Luxembourg

Read about LGBTI asylum in Luxembourg here...

Luxembourg’s law includes the standard particular social group language, which in principle means that Luxembourg will provide asylum to LGBT applicants. The Country Report author in 2008 was “aware of only one case” in which an application for asylum was made by an LGBT individual. A Nigerian man fled Nigeria rather than accept a marriage to a woman arranged by his family. Luxembourg asylum agents determined that the persecution he was fleeing was private, and he could escape it merely by moving to a different part of Nigeria, away from his family.

Luxembourg law recognizes the same-sex partner of the asylum applicant as a family member, but only when the country of origin recognizes the relationship. This has the de facto effect of excluding nearly all same-sex partners, because most countries of origin do not provide such recognition.

Find more LGBTI country information on Luxembourg in our Country-by-Country section

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General on asylum in an EU member state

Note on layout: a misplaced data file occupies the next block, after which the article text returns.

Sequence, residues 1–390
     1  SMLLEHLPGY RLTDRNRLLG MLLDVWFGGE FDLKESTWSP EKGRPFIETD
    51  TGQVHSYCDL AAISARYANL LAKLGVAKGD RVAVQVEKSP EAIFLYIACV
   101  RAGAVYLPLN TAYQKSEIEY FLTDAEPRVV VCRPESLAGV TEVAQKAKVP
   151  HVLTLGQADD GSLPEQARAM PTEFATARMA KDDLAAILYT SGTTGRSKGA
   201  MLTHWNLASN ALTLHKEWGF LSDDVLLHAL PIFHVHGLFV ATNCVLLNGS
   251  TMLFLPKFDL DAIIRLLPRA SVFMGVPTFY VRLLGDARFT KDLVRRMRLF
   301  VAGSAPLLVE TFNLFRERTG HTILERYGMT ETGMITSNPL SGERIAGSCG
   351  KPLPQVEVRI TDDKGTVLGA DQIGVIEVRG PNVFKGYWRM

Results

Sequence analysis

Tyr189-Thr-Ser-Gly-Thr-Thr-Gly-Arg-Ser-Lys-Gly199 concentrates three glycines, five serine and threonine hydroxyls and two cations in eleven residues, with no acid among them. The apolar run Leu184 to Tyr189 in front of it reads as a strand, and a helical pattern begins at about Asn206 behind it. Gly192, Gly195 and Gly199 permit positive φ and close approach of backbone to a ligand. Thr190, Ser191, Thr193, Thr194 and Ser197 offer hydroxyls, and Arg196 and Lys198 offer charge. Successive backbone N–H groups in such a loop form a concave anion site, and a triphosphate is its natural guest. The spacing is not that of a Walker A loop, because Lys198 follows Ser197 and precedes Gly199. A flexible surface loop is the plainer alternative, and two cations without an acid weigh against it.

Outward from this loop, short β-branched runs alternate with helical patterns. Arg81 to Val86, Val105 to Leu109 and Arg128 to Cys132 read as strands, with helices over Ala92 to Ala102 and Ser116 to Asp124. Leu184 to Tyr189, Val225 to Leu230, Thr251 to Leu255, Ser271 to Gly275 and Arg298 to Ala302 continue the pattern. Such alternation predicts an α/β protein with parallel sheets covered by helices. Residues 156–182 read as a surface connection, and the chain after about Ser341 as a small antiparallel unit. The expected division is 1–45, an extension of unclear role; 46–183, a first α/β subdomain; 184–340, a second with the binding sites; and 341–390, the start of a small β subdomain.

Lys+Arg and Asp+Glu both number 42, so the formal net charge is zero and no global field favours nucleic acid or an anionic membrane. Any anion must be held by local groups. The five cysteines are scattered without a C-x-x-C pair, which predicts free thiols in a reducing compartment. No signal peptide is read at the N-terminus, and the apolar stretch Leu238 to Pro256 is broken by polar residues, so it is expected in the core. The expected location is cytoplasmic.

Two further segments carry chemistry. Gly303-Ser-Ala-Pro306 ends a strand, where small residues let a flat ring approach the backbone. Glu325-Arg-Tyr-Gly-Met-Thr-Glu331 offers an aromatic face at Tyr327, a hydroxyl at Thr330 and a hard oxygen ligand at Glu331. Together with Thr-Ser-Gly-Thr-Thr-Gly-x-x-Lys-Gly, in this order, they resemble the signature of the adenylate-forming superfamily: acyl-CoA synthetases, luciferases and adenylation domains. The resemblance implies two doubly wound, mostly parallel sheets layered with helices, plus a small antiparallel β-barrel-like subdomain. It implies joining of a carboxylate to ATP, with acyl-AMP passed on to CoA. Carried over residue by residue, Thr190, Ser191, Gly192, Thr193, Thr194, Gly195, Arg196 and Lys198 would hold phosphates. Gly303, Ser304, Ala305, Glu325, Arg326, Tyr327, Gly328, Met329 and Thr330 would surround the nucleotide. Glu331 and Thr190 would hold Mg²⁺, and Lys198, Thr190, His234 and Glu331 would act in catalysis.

Under Council Directive 2004/83/EC, Apr. 29, 2004 (the “Qualification Directive” or “Directive”) sexual orientation may, depending on the circumstances of the country of origin, provide the basis for a claim for asylum based on persecution based on membership of a particular social group. As of 2008, no Member “ha[d] explicitly refused to consider sexual orientation as a source of persecution for the purposes of granting refugee status.” As of 2009, there was data available to confirm (page 84) that “asylum ha[d] been granted to LGBT persons in Austria, Belgium, Denmark, France, Germany, Greece, Hungary, Italy, Luxembourg, the Netherlands, Poland, Portugal, Spain, Sweden, Czech Republic and the United Kingdom. The asylum policies of the countries discussed here (page 96) must also all conform to the 1951 Convention on the Status of Refugees and its 1967 Optional Protocol, as well as the European Charter of Human Rights. The United Nations High Commissioner for Refugees (UNHCR) has made it clear that LGBT individuals are members of a particular social group. The Council of Europe concurs in this interpretation. According to the Treaty on the functioning of the European Union’s Protocol on asylum for nationals of Member States of the European Union, Member States of the EU shall be regarded as constituting safe countries of origin in respect of each other for all legal and practical purposes in relation to asylum matters . Accordingly, any application for asylum made by a national of a Member State are normally not taken into consideration.

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